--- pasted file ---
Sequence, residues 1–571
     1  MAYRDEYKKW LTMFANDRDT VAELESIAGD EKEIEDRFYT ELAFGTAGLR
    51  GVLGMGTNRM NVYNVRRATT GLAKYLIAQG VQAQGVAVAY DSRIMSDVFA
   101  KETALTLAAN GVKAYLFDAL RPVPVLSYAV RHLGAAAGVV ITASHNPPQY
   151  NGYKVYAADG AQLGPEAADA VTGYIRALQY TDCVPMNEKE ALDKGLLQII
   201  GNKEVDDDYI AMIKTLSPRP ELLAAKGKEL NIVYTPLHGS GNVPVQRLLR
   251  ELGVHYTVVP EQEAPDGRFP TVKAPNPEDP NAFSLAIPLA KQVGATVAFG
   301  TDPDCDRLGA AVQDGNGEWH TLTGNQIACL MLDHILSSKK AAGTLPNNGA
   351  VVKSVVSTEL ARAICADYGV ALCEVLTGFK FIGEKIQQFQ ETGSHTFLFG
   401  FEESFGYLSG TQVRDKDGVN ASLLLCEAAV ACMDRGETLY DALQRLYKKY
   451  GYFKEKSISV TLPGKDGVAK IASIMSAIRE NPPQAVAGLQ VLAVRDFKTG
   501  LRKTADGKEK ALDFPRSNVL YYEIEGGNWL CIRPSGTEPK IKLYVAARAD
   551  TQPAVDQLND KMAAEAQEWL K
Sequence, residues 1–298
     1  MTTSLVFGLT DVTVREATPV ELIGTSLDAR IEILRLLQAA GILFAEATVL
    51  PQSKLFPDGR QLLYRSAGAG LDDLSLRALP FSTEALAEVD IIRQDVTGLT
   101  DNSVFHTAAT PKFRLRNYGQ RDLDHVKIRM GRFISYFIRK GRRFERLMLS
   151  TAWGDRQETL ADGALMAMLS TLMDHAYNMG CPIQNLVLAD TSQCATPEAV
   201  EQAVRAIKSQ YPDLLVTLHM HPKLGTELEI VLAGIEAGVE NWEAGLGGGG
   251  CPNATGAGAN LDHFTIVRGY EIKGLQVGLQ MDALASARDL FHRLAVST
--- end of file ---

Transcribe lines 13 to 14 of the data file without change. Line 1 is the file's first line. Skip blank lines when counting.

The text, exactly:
   551  TQPAVDQLND KMAAEAQEWL K
Sequence, residues 1–298